As to what did not help me in the early days there were classic comments like, oh your dad had a good innings. He lived a good long life, you were the best daughter etc. Why should his longevity negate my sense of being an orphan. I even had comments like ‘you are free now, you can travel the world..’ I know these comments were well meant but it does show how hard it is for those who have not walked this journey to understand what it is like to be on the road of grief. Some do get it but some don’t however, forgiveness and self belief helps us rise.
On the question of how my spiritual and communication needs were met, I had to think hard about this. Hindu priests do not do pastoral support or certainly that is not what I felt. I did however, receive a huge deal of comfort reading verses from the holy book like the Bhagvad Gita and the Letter of Paul to the Corinthians. I found comfort sitting in the chapel in my local hospice, from books and I found comfort walking in nature. My communication needs were met by my outpouring of words on paper, my blogs and by talking to my closest friends.
As for cultural needs, I belong to two cultures, the east and the west and I found grief was an uncomfortable subject to acknowledge in both. The idea that life should get back to normal the day after the funeral (I know this may sound like an exaggeration but even compassionate leave from work does not usually extend to more than few days) is indicative of how society sees death as a minor blip which it is not. For someone who talks for a living, I found I could not easily open up and pour my heart out as I felt I would be judged. My perception perhaps but I was very weary of talking to just anyone.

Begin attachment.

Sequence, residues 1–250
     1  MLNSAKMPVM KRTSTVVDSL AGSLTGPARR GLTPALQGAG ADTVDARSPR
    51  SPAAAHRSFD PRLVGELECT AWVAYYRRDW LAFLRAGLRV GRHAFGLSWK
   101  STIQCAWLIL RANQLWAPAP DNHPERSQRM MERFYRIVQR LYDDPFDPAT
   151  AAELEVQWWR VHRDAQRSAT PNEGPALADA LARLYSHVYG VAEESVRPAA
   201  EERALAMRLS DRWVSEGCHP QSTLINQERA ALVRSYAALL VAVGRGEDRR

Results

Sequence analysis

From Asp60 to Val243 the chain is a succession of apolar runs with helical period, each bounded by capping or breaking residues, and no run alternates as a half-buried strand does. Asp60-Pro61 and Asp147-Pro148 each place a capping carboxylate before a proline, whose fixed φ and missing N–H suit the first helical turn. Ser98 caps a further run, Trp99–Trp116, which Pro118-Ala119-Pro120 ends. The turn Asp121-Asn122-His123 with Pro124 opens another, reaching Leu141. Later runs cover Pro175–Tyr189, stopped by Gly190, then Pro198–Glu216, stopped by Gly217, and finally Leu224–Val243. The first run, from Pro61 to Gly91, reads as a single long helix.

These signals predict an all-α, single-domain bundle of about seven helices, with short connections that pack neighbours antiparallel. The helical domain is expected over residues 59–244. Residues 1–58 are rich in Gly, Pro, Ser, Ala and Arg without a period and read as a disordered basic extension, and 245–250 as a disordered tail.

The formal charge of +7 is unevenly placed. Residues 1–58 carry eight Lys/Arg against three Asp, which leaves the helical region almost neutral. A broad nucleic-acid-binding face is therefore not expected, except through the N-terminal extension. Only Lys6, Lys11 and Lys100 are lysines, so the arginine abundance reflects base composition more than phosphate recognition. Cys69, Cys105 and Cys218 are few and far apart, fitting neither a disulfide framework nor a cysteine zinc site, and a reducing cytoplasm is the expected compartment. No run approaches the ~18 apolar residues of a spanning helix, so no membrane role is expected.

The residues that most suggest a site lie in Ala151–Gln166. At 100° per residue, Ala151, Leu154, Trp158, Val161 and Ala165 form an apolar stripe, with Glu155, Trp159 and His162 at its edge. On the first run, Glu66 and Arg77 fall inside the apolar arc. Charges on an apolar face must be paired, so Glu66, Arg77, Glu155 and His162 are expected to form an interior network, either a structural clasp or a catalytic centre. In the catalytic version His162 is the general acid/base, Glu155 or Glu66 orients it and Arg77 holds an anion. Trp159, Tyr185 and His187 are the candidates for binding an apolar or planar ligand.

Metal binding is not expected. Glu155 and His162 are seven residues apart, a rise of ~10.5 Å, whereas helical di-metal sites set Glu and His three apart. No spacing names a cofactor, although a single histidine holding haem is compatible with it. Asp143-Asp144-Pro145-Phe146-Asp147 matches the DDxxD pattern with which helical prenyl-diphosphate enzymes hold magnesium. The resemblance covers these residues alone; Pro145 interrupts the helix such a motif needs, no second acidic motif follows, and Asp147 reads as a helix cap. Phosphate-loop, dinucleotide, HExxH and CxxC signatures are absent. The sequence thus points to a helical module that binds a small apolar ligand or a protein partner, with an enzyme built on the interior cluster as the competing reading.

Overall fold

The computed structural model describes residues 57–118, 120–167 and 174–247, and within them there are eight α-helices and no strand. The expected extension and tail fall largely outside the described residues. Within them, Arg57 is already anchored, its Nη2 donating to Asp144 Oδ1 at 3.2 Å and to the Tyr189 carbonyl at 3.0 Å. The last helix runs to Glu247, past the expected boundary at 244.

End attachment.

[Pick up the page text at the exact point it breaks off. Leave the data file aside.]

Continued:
I can look back on my early days and though life is different now, it does give me a sense of how so many others who are grieving their own loss due this pandemic may feel. There is no comparison of course as our grief is a unique as our DNA but I can imagine, many out there will be bottling up how they feel and will be going through their own journey feeling so desperately alone. Grief is not limited to the loss of a much loved one, grief can be felt from the loss of a relationship, loss of livelihood, even loss of not being able to go to the gym and more crucially, from the loss of not being able to see one’s parent in a care home for a whole year. We have to reach out to all those who are suffering and not treat their suffering as slight. We have to acknowledge this hurt. If we don’t know what to do or to say then the very least we can do is to say I see you and I hear you.
So I come back to where I began, I am still here as is my dad, nobody can see him but I feel his presence in my heart. He will always be with me and his presence sustains me. I say to all those who are on their own journey of grief, you are not alone. Nobody can take away what you feel but you may find it helpful to know that time is not a healer but you will become your own healer. We acknowledge your hurt and your journey.
And I will end this post with some advice to myself. Until now I have been counting the days since my father’s passing but I will now follow what Richard Bach says in his book ILLUSIONS, The Adventures of a Reluctant Messiah. This book was a gift to me from my wonderful friend and I will always be grateful to him for this timely and perfect gift to make me realise what if indeed life is an illusion. (More on this in my future post as that is a subject in itself..)
So the advice from Richard Bach …
“Stop counting days, months and years but start counting by the things I have learned, the talks we had, by the miracles that happened now and then along the way…”
If you are hurting here is a test to find whether your mission on earth is finished.
IF YOU ARE ALIVE
IT ISN’T... (Richard Bach).
Peace be with you.
2nd March 2021